No golf architect from the classic era of design left behind a more impressive portfolio of affordable public courses than Donald Ross.
As if we needed an occasion, I’ll take Ross’ birthday – he was born Nov. 23, 1872 – as a good time to acknowledge his role in providing the public with quality golf that remains accessible to everyday players.
He grew up in humble, working class conditions in the northern Scotland town of Dornoch and never forgot his roots in a game that was always available to golfers of all classes. When he came to the U.S. in 1899 to seek out his fortune, he found that golf was almost exclusively the province of elite private clubs. And yet he made room for everyday golfers, whether it was at the burgeoning Pinehurst Resort, where from 1900 until his death in 1948 he oversaw design of the first four courses; or down the road in Southern Pines, where his work at Mid Pines (1921) and Pine Needles (1927) were highly regarded from the start.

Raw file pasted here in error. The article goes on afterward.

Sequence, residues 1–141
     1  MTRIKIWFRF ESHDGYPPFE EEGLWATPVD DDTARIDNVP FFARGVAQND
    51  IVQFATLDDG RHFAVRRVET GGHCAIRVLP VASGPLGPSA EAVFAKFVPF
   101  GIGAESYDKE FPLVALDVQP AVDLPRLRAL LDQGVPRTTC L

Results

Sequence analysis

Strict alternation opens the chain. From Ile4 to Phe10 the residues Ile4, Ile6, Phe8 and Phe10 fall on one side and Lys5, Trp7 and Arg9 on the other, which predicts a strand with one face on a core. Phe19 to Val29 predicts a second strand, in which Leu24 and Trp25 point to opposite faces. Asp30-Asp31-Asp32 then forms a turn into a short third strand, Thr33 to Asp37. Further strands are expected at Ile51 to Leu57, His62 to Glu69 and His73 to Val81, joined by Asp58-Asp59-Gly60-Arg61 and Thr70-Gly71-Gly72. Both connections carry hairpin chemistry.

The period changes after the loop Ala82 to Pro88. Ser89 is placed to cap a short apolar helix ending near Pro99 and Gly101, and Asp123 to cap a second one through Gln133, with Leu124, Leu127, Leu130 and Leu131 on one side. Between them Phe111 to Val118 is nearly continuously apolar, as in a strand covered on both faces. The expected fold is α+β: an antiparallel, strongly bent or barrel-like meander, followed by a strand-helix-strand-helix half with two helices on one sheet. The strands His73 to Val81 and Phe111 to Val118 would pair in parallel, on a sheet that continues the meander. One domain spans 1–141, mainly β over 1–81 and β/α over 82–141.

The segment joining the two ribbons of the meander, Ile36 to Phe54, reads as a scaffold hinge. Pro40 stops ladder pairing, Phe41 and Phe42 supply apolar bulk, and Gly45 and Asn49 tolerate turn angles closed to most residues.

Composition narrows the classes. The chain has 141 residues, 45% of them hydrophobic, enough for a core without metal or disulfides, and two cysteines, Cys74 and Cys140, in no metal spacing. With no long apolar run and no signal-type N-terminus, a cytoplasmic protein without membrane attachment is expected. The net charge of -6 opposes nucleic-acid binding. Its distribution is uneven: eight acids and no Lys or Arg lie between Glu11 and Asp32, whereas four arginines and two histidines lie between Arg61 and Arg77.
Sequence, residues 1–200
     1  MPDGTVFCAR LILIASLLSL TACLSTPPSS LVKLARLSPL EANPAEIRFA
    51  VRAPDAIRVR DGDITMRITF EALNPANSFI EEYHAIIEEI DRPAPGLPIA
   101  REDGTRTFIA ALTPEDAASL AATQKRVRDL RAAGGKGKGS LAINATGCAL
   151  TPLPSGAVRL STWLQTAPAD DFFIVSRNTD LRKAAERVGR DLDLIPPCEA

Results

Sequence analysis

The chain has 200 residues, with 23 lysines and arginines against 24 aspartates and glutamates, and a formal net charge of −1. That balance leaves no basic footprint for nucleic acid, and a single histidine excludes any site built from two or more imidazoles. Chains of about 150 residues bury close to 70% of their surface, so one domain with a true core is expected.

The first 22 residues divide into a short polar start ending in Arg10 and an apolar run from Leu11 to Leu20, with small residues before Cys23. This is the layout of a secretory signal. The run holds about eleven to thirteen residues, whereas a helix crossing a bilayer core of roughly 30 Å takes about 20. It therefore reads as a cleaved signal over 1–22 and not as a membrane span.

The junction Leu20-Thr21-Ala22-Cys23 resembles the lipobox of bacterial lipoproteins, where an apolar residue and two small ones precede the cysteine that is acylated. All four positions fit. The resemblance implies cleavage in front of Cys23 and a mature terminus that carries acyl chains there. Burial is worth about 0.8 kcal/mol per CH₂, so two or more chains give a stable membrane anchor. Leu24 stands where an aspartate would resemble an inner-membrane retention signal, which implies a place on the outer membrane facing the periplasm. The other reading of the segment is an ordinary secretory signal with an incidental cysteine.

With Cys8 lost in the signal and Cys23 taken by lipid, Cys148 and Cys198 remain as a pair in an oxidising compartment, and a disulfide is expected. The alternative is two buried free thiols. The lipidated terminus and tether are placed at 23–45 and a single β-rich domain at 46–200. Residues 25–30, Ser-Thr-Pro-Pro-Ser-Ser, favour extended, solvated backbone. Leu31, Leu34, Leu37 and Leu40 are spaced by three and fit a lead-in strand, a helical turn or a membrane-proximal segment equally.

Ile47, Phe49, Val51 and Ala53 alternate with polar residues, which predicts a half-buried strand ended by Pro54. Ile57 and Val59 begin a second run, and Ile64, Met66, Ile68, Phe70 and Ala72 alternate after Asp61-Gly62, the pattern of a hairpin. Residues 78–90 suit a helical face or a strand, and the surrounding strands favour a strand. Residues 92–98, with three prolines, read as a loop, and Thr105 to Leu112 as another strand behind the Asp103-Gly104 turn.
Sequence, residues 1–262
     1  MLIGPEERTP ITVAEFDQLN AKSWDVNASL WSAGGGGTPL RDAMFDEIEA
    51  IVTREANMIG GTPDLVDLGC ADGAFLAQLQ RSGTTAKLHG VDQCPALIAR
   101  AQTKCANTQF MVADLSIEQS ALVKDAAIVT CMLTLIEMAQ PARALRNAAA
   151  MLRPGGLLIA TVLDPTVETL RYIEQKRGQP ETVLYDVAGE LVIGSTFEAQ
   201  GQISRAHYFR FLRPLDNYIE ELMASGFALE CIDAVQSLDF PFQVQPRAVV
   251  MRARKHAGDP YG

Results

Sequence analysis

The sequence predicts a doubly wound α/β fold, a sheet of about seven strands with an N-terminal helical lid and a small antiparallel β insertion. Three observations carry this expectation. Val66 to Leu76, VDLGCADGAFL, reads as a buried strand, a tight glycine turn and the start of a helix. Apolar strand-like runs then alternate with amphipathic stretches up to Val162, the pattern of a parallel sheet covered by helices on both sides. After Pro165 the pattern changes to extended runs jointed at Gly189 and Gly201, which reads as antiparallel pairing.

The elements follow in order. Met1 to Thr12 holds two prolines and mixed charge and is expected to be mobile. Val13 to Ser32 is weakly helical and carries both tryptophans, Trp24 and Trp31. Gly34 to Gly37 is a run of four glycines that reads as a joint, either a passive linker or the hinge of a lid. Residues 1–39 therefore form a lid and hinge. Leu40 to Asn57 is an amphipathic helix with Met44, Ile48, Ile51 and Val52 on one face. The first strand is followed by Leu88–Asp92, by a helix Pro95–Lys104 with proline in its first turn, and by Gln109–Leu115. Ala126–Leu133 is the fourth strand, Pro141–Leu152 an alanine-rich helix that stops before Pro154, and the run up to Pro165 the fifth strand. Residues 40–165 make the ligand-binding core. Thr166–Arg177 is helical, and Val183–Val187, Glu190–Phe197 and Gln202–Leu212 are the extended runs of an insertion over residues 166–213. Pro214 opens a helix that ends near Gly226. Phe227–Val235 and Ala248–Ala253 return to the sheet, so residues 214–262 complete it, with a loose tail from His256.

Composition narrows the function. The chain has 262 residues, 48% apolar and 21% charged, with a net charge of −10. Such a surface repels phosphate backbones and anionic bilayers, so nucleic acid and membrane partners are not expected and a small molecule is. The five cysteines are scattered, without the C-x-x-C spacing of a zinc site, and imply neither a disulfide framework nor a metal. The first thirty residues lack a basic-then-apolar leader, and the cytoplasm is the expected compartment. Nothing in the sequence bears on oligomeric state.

Among the 410 courses in his career-long portfolio of original designs, nine-hole expansions and major renovations are dozens of accessible layouts.
One thing you’ll quickly find out by playing a range of Ross courses is that the notoriously domed, turtleback greens characteristic of Pinehurst No. 2 are the exception, not the rule, in his collection. More so than any set of putting surfaces he ever created, those at Pinehurst No. 2 have been altered through a combination of aggressive top-dressing, sand-build up from greenside bunkers, and successive constructive techniques that exaggerated the vertical lift from their original shape from 1935, the year they were converted from sand greens to Bermuda-grass surfaces.